Possibly the worst reporting on the terrorist murder of Baruch Mizrahi, who was killed by a Palestinian terrorist while driving to a family Passover Seder, appeared in The Times of London under the headline: “Israeli policeman is shot dead amid fury over settlers’ return.”
The story begins:
An Israeli policeman was shot dead near Hebron on the eve of the Passover festival as Jewish settlers celebrated their return to a disputed house in a Palestinian area of the West Bank city.
Three families moved into the building on Sunday evening, protected by Israeli soldiers, hours after Moshe Yaalon, the Israeli defence minister, granted permission for their return — six years after their initial eviction.
The first apparent retaliation for the return of the settlers came on Monday night when a man opened fire on a car outside Hebron.
A number of observations:
1. While Baruch Mizrahi may have been a policeman, he was off-duty and traveling with his family when the attack occurred. He was not driving a marked police vehicle. There was no way for the Palestinian terrorist to know that he was firing on an Israeli policeman.
Is this emphasis on Mizrahi’s profession and the portrayal of him as something other than a civilian, Times journalist Catherine Philp’s thinly veiled attempt to suggest that he may have been a “legitimate” target for a Palestinian gunman?
2. Since when have Palestinian terrorists needed an excuse to attack Israelis? A direct linkage between a disputed house in Hebron and the terrorist attack is tenuous and speculative at best. Worse, it implies an air of legitimacy for the attack. Despite the headline, the attack itself is relegated to a single paragraph out of the fourteen in the article.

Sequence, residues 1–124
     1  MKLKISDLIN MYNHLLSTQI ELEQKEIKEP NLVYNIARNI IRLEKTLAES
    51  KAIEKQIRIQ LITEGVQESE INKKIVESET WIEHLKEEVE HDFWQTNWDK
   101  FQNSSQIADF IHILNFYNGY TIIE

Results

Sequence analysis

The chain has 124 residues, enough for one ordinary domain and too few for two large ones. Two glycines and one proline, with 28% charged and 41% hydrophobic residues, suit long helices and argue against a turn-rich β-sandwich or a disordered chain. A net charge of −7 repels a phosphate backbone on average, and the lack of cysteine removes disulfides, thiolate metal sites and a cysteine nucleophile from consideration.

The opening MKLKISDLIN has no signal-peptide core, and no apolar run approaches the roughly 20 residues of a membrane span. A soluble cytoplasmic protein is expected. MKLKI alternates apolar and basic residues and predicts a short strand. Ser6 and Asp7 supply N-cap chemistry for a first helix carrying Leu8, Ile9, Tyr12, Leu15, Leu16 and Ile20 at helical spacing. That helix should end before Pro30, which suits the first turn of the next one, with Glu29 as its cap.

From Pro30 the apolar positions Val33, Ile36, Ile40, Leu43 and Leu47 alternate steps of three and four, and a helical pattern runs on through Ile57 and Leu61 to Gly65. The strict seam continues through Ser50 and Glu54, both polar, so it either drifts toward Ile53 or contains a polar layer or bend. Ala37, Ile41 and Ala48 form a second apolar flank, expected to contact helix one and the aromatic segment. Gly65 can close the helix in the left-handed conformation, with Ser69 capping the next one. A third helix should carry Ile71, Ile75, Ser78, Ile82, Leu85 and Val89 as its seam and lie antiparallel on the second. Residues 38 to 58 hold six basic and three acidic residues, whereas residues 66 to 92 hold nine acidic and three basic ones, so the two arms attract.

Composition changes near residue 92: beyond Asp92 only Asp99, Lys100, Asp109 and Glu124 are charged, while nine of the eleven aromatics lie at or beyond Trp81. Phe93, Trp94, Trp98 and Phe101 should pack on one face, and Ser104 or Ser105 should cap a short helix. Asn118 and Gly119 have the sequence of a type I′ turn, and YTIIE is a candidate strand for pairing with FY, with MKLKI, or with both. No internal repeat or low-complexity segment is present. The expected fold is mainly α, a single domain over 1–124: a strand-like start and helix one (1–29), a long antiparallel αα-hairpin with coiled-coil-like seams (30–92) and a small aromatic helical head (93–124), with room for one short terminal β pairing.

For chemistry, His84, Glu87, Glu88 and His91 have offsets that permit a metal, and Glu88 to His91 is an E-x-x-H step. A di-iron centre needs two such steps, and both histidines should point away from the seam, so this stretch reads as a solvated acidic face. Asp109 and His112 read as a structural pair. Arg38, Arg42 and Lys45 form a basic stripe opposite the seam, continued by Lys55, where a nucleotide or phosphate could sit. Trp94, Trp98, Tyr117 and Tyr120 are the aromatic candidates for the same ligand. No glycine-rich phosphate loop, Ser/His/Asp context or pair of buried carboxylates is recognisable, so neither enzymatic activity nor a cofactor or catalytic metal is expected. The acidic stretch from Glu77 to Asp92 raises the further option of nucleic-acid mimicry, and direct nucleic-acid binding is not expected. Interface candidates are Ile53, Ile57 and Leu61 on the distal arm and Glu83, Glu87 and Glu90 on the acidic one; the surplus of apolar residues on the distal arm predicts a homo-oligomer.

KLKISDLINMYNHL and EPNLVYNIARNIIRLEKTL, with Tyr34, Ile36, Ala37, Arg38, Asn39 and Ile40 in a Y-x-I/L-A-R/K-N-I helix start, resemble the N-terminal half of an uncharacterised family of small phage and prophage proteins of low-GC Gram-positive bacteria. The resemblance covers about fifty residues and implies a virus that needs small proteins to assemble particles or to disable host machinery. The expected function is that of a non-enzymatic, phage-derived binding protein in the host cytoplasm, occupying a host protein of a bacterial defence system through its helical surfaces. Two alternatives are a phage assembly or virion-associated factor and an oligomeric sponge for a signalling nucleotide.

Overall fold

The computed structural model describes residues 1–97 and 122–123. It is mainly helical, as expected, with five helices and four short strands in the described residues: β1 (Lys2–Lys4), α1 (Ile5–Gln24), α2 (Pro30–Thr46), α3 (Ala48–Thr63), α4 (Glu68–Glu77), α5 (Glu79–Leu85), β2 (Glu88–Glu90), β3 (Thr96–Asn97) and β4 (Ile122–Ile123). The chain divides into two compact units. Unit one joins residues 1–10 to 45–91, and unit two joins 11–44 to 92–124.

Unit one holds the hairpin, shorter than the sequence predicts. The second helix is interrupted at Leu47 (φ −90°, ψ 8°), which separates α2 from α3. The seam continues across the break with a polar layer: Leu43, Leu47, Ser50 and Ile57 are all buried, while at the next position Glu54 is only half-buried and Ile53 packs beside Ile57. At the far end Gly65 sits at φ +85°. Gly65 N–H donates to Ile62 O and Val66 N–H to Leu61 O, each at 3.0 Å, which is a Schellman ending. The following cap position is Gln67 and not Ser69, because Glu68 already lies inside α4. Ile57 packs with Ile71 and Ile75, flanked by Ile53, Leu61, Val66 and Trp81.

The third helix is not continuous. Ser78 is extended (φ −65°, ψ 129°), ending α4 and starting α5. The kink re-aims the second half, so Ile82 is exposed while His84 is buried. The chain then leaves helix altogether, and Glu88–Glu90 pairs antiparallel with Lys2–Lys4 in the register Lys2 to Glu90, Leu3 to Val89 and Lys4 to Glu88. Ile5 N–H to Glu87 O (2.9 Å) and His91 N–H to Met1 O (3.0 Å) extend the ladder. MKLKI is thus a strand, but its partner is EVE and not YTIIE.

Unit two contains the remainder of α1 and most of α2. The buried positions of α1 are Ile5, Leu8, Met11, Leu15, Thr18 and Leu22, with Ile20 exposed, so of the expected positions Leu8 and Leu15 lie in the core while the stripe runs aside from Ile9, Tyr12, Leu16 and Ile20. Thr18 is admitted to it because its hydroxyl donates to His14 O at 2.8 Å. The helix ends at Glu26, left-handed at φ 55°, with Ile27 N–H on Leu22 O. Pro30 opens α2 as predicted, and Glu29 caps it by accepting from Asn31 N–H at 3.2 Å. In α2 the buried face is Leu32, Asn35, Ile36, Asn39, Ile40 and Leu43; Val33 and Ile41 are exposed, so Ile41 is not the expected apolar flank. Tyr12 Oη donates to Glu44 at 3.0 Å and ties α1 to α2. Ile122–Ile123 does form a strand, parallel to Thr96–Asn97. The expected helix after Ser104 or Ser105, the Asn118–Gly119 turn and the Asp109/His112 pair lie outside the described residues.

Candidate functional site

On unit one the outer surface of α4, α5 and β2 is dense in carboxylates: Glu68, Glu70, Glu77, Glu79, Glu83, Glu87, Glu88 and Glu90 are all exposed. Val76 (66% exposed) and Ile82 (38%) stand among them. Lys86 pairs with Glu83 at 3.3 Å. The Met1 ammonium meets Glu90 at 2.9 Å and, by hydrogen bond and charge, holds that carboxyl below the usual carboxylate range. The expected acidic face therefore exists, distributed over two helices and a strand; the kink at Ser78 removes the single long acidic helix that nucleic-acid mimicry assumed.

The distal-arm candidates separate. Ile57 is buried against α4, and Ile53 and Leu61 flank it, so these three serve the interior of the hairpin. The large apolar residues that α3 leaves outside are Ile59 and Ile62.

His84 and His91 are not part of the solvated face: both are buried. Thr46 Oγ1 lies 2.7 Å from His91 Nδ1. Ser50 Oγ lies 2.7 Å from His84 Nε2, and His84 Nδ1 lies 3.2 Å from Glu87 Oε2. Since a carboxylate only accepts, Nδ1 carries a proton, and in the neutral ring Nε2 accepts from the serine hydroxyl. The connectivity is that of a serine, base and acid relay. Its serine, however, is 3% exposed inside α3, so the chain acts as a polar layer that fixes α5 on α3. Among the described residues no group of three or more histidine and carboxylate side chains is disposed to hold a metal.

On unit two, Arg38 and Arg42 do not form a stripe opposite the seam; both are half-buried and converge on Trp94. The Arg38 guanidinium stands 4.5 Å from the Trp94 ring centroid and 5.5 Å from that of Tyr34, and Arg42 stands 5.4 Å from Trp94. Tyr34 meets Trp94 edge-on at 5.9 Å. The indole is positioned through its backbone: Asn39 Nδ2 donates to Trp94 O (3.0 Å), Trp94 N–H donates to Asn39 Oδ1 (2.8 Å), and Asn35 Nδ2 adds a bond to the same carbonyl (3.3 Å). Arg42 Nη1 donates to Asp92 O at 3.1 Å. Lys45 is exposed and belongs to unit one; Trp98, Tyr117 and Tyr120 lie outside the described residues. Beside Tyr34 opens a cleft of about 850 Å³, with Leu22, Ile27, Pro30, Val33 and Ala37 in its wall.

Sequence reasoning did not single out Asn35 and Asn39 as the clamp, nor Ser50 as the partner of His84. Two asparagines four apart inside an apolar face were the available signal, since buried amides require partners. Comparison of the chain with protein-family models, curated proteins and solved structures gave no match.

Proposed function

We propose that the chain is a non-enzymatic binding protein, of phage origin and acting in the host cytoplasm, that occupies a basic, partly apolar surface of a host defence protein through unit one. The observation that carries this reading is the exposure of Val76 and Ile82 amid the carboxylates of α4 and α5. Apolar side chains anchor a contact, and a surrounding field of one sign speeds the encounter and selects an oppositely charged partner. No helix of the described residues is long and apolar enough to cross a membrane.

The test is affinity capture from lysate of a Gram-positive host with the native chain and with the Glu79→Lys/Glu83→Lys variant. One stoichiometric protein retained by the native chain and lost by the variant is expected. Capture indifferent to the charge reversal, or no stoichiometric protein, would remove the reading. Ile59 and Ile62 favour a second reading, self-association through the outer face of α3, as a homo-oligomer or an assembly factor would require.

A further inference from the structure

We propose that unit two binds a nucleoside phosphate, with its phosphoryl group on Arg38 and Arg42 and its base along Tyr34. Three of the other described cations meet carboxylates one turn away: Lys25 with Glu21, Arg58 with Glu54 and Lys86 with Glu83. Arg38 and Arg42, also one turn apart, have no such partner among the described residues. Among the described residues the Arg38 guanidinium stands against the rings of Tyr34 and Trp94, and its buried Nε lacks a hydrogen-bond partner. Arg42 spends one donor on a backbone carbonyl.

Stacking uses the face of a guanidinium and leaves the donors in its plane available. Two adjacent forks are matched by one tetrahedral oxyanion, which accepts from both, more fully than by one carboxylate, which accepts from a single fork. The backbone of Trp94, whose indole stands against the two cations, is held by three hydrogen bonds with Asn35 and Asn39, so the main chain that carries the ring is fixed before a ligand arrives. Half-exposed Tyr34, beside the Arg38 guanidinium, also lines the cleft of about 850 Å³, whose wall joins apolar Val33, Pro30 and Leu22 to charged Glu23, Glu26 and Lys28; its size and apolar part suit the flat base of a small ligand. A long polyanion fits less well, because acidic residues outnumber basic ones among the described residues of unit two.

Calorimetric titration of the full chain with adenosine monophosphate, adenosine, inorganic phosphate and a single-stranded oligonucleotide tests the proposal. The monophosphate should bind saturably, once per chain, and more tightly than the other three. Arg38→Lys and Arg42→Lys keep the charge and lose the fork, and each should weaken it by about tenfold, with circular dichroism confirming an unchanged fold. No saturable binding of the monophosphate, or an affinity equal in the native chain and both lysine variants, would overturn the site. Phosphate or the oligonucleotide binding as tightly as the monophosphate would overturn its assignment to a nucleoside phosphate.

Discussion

For Catherine Philp, the indiscriminate murder of an Israeli in a terror attack is far outweighed by the return of an Israeli family to a house in Hebron and the settlement issue.
The Guardian, at least, devoted more column inches to the terrorist attack itself. The report, however, included the following error:
The family in the car that was hit was understood to be en route from their home in Modi’in – an Israeli town split across occupied Palestinian and Israeli territory – to visit the mother’s family for the traditional meal that commences the Passover religious festival.
Modi’in, a major Israeli city is not, in fact, “split across occupied Palestinian and Israeli territory.” The city is considered to be within the Green Line and even the Palestinians have not raised any claims concerning the location of the small satellite town of Maccabim within the “no-man’s land” that existed until 1967.
Once again, the home of the victim is inserted into an article as a means of legitimizing or understanding Palestinian violence. After all, for the media, it’s far easier to excuse terrorism when Israeli “settlers” are the target.